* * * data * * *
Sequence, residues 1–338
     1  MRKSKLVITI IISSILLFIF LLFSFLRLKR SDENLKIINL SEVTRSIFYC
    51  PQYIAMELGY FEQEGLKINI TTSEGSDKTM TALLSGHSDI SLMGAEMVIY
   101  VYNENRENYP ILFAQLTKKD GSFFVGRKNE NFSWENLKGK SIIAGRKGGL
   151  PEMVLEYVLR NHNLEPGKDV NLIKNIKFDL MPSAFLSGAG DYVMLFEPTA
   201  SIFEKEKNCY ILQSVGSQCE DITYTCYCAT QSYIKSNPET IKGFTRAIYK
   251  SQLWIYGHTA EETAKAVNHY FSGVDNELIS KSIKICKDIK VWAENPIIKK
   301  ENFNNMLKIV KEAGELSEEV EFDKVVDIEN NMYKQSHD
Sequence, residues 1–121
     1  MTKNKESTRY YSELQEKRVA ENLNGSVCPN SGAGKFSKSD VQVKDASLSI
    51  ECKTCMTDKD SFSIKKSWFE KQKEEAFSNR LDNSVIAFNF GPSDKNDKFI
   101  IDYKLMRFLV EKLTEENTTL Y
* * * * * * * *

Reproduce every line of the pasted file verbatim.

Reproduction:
Sequence, residues 1–338
     1  MRKSKLVITI IISSILLFIF LLFSFLRLKR SDENLKIINL SEVTRSIFYC
    51  PQYIAMELGY FEQEGLKINI TTSEGSDKTM TALLSGHSDI SLMGAEMVIY
   101  VYNENRENYP ILFAQLTKKD GSFFVGRKNE NFSWENLKGK SIIAGRKGGL
   151  PEMVLEYVLR NHNLEPGKDV NLIKNIKFDL MPSAFLSGAG DYVMLFEPTA
   201  SIFEKEKNCY ILQSVGSQCE DITYTCYCAT QSYIKSNPET IKGFTRAIYK
   251  SQLWIYGHTA EETAKAVNHY FSGVDNELIS KSIKICKDIK VWAENPIIKK
   301  ENFNNMLKIV KEAGELSEEV EFDKVVDIEN NMYKQSHD
Sequence, residues 1–121
     1  MTKNKESTRY YSELQEKRVA ENLNGSVCPN SGAGKFSKSD VQVKDASLSI
    51  ECKTCMTDKD SFSIKKSWFE KQKEEAFSNR LDNSVIAFNF GPSDKNDKFI
   101  IDYKLMRFLV EKLTEENTTL Y